For much of the sporting year, when we are embroiled in the endless fascinations of Scottish football, that statistic may seem just an abstract curio. But during this fortnight, especially in SW19 where tens of thousands of British tennis enthusiasts are painfully aware of it, it becomes very real indeed.

Yet, no matter the weight of history bearing down on Murray, he gave no sign of feeling burdened by it. Federer did break back in the fourth game, and he had his opponent under pressure in the eighth as well, when Murray had to dig deep to save two break points. But once that game was salvaged, the tables were turned: Federer was broken all too easily to go 4-5 down, and Murray wrapped up the set with ease.

At his tenth attempt, the No 4 seed had won a set in a Grand Slam final. He had not been serving at his best, but still he had the lead. It was a morale boost that he took into the second set, during the first half of which he remained the better player. He had two break points in the fifth game, and another couple in the ninth, but on both occasions Federer held on.

If the set had gone to a tiebreak, and if Murray had won it, perhaps there would have been no way back for the Swiss player. Instead, after going 30-0 up on his serve when 5-6 down, Murray faltered. He sent a lob long to give a set point to Federer, who then took his chance with a stun volley at the net that went spinning tantalisingly out of Murray’s reach.

When the rain came in the third set with the score at 1-1 and 40-0 on Federer’s serve, it was a welcome break for Murray. Although, by definition, a five-set match becomes a best-of-three contest when the first two sets are shared, that does not necessarily mean that it feels to both competitors as if they are starting from scratch. There was little doubt when the rain came that the momentum was with Federer, and that the break gave Murray a chance to clear his head.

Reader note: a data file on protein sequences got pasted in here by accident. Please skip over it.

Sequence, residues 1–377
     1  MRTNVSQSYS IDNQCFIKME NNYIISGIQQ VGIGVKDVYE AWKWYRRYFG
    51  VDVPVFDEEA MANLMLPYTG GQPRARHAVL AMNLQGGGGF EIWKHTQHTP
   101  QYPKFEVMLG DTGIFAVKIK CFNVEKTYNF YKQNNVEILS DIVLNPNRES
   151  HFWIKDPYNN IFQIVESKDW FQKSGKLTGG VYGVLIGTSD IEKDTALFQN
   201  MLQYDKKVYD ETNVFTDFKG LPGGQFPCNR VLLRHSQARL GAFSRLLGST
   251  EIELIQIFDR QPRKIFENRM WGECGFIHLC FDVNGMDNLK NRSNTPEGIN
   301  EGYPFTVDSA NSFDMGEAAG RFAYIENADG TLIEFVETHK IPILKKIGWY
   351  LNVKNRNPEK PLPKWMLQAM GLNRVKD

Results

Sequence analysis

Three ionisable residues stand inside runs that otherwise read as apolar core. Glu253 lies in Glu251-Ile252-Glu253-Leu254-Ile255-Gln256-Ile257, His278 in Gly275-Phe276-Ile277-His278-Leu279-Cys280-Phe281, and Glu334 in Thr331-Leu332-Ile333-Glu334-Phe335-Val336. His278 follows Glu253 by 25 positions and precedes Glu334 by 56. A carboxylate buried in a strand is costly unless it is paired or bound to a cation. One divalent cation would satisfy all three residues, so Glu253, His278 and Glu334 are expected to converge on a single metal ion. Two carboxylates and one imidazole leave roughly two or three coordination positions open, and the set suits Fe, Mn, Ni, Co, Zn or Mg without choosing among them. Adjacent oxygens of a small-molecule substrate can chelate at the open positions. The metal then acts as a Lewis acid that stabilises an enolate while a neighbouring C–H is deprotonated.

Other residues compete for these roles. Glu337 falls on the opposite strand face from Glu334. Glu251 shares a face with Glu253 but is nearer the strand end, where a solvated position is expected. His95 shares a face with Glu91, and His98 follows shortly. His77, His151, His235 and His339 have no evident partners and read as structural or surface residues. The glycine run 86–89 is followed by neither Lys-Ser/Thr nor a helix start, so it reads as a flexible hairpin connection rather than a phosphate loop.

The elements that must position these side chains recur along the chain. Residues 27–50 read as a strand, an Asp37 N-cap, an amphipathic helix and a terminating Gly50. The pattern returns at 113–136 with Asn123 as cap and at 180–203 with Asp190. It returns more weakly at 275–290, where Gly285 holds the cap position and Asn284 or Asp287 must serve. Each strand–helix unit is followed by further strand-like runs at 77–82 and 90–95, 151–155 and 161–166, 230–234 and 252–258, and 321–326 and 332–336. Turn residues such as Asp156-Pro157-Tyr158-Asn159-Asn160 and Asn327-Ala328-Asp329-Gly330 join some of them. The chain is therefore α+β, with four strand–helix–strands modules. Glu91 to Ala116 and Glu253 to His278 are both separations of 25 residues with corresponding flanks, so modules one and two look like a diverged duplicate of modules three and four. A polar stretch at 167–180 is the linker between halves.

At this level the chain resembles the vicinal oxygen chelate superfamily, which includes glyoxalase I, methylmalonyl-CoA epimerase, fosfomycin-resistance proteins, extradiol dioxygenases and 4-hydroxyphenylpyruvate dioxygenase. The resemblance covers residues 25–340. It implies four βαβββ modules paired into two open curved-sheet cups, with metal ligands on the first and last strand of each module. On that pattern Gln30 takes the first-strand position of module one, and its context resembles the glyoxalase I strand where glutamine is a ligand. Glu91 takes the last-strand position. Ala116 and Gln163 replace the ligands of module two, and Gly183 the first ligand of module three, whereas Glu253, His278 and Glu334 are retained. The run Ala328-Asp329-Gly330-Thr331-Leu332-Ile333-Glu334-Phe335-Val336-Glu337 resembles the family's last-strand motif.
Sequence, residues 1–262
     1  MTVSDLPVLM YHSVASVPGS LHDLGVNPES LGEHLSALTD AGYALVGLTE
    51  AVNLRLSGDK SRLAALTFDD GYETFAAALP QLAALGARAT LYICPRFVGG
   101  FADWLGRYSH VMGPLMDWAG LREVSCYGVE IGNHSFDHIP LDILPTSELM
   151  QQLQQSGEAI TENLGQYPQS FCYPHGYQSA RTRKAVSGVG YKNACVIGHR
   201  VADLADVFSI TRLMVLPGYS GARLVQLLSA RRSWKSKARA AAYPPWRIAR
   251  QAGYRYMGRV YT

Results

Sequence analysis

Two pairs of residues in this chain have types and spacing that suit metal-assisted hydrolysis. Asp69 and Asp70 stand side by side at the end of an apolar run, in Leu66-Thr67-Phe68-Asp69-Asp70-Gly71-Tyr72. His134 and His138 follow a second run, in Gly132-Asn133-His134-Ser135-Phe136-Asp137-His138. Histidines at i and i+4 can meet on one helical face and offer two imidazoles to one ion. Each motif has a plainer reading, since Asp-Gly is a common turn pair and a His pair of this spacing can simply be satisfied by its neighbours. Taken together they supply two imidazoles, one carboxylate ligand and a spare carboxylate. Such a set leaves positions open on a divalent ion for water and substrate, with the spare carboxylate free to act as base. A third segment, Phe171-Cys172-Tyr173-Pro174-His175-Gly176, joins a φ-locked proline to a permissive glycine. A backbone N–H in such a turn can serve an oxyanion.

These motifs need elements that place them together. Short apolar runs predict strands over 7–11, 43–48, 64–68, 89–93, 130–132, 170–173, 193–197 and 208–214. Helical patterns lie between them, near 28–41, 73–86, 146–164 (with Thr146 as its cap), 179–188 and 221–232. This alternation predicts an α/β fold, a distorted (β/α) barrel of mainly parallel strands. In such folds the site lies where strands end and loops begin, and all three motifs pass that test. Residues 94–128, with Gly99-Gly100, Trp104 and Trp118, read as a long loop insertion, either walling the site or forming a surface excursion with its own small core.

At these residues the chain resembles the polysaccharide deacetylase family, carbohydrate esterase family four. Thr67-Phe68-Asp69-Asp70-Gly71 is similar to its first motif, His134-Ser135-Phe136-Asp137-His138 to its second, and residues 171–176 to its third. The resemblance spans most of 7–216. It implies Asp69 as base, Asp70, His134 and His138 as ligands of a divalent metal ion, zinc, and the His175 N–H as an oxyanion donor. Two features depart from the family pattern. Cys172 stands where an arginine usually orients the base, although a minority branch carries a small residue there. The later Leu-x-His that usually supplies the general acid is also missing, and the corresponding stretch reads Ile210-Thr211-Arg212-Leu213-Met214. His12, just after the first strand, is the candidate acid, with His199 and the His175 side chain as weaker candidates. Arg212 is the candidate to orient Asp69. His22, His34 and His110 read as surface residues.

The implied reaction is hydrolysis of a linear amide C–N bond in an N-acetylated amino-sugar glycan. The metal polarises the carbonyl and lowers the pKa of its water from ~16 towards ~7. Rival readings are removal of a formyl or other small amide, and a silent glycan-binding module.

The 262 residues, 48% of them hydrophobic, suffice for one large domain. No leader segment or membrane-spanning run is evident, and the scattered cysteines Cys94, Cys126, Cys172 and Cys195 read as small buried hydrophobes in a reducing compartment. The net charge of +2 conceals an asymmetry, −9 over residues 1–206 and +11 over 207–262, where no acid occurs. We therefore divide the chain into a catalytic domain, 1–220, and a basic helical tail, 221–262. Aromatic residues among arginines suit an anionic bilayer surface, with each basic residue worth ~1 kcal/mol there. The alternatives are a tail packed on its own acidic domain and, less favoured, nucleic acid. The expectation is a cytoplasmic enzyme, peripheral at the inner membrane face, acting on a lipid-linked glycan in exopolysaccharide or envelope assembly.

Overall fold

The intention, according to the referees’ office, was to leave the roof open and remove the court covers after what was supposedly a brief shower had passed. Then, having been told there was a 70 per cent chance of further heavy showers, they opted to close the roof instead. It was the first time it had been used for the men’s final.

Play resumed sedately for a couple of games, but then, serving at 3-2 down, Murray became embattled in a deadly struggle. From 40-0 he lost his way – and lost his balance too, falling on his left hip while going for a drop shot.

There were ten deuces in that game, which lasted around 20 minutes, and at last it was settled in Federer’s favour. It was an agonising loss for Murray, and there was no way back for him in the third set, which Federer closed out with minimal further fuss.

Throughout much of the fourth set Murray appeared in pain, grimacing at times as he strained to reach a shot. When he was broken again by a sublime cross-court back hand from Federer to go 3-2 down, there seemed no way back.

The new world No 1 has been written off before, and has had serious back problems at times. With victory in sight, however, it was the 30-year-old who looked the younger of the two protagonists, not the 25-year-old Murray.

The Scot served solidly after that without threatening Federer’s own serve, then it came time for the man who first won this title in 2003 to claim his seventh crown. He took it on his second match point when Murray could not keep a return in.

So the dream is over for another year, but as Murray rightly said: “I’m getting closer.” And on the BBC, Boris Becker, who knows what it takes to win Wimbledon, summed it up perfectly: “He lost to a better player today. There’s no disgrace in losing to Roger Federer.”